The fishing industry is always changing – new products, new companies, new anglers. I randomly grabbed a Bassmaster magazine sitting on my shelf from 10 years ago (March 2004) and was looking through the ads mostly, when it struck me how much has changed…and how much has stayed the same. Here’s what I found.
Starting off with the cover photo for this issue, a widely grinning Timmy Horton wearing a BOOYAH Baits visor. As best I can tell, it seems Timmy is no longer on their pro staff, a fairly recent event from what I can gather. Next is a big, two page ad for Lucky Craft, where I noticed all the crankbait lines available then are still available now. However, it appears their spinner line has changed, with the current website not showing the BMH and MH-1s from the ad. Looks like they’re sticking mostly with what made them famous, their hi-tech line of hard baits, now expanded and larger than ever. However, a quick look at the national pro staff pics from that ad did reveal a few personnel changes. Still around are Kelly Jordon, Tak, Skeet and Joe Thomas. However, it appears Gerald Swindle, Marty Stone and Mike Auten are no longer part of that team.
Moving on, I come across a full page ad for Lowrance Electronics. Many of the older models in this ad have long been discontinued, though anglers are still using them to this day. There are large screen and small screen units, color and monochrome, handhelds and mapping-specific units. What finally struck me though is not a single mention or picture of a DI or SI unit at the time. Considering the incredible popularity of such units now days, almost a universal standard by most bassin’ anglers, and to think there was no such thing available to us just a mere 10 years ago. That says a lot about the pace of technology in this sport.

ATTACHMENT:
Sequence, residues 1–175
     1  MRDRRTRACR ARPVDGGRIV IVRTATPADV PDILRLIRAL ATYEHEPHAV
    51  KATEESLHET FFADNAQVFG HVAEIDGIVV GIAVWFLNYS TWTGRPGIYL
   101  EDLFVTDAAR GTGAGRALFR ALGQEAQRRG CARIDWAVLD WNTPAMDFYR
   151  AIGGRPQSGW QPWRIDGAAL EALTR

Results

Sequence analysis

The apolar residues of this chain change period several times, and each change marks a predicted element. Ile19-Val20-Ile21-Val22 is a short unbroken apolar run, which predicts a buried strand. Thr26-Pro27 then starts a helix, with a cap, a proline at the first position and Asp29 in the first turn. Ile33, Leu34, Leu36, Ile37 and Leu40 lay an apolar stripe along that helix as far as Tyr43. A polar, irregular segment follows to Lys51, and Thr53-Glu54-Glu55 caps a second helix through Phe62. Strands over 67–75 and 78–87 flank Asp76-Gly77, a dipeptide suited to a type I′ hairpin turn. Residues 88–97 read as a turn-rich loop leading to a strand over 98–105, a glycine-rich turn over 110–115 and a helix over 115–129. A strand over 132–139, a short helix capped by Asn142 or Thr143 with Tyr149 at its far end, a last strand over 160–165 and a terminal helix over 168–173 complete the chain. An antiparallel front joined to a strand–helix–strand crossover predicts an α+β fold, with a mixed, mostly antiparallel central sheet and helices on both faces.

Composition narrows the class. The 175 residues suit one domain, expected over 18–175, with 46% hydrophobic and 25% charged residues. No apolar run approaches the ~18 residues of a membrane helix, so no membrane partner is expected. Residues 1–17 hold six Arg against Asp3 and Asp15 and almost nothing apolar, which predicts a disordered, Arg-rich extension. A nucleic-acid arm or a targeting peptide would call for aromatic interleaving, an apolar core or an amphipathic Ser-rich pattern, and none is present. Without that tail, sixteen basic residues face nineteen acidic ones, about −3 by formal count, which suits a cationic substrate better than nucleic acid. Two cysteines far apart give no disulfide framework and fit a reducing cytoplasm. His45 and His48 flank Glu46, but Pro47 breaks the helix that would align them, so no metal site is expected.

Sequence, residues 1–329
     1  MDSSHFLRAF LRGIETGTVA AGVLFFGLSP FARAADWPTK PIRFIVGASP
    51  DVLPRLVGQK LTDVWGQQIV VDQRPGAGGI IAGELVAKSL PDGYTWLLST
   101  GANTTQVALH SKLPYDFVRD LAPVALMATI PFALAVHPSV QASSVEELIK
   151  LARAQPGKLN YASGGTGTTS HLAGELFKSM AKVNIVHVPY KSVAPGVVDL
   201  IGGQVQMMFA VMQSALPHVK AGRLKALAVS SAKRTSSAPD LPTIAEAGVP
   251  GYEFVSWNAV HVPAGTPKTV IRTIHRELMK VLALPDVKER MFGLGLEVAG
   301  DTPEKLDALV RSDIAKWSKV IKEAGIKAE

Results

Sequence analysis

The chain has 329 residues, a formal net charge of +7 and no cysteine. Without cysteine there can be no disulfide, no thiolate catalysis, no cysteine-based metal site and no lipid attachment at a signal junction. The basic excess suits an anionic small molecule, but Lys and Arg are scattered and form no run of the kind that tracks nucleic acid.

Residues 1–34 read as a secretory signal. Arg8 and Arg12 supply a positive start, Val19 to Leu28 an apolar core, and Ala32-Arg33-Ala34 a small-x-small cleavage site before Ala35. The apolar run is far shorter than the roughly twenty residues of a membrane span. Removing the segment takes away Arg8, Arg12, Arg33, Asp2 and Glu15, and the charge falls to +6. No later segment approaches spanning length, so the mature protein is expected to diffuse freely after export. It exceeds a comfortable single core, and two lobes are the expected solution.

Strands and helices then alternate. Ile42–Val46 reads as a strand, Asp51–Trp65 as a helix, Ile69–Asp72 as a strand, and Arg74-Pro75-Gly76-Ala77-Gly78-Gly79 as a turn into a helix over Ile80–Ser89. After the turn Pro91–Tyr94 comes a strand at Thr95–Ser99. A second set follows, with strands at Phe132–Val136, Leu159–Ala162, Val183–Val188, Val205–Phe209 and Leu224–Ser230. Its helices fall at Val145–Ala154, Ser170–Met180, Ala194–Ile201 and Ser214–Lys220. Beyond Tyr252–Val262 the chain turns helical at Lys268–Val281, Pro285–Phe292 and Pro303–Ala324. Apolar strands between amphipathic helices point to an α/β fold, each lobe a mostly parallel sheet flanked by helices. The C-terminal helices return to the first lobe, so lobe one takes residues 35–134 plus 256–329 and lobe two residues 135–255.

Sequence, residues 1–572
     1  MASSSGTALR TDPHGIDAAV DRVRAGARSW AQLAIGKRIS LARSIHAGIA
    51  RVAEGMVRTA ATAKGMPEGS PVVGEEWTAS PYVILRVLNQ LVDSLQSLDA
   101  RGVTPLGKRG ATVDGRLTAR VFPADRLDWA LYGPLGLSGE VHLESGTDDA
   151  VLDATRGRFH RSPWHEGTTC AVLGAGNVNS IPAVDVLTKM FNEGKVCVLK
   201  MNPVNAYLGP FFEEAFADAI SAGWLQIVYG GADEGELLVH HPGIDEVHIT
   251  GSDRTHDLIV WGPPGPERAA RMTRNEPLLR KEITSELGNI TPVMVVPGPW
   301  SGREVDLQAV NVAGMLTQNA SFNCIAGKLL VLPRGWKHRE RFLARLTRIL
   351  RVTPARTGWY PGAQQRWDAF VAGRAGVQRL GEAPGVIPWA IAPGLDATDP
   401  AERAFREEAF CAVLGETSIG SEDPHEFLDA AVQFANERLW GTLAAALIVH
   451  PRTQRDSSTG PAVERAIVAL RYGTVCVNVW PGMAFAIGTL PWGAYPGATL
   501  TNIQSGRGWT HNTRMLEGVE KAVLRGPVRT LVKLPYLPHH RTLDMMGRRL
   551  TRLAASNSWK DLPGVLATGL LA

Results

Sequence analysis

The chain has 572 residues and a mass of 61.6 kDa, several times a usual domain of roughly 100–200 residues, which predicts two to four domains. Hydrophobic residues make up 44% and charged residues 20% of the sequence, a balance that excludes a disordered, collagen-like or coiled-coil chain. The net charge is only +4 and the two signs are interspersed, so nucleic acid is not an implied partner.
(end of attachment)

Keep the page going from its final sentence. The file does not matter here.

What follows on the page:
Moving into some of the line ads that I came across, the good news is we still have Berkley Fireline and P-Line Spectrex with us. What appears to be missing now days though is Stren Super Braid, though Stren still lists a more generic Braid Superline in their lineup. Can’t say for sure whether it is the same thing or not. Also of interest, the Stren line ad has Shaw Grigsby as the featured pro spokesperson. From looking at Shaw’s website, it would appear he is now with Seaguar line.
Back to baits.
Today we still have Terminator spinnerbaits, Denny Brauer Strike King Premier Pro Model jigs, and Worden’s Timber Tiger DC crankbaits. However, another wire bait casualty seems to be the Bagley Spin’N B. Looking at their website, like LuckyCraft, it appears Bagley’s is back to focusing primarily on their historically core product lines.
Lastly, in the way of boats, all the common lines are still around such as Triton, Nitro, Skeeter and Ranger. Same goes for Yamaha, Evinrude and Mercury engines. One thing I did notice is the Nitro ad was for the older NX Series of boats, the predecessor to the current Z-Series. Their Nitro NX882 in the ad, an 18’2″ boat with a 150hp engine package retails for $17,995. The closest thing now days is the Nitro Z-7, an 18’8″ boat, also packaged with a 150hp engine, but listing out at $26,995. I didn’t bother to go through all the accessories to see if they were comparable.
Anyway, beside the articles that are always fun revisiting such as the initial story on Ike’s Panic Box (hard to believe that concept is already 10 years old), it is pretty interesting to look back and see just what has changed with the industry, both from a product perspective as well as a personnel one. As they say, the only thing that is constant is change.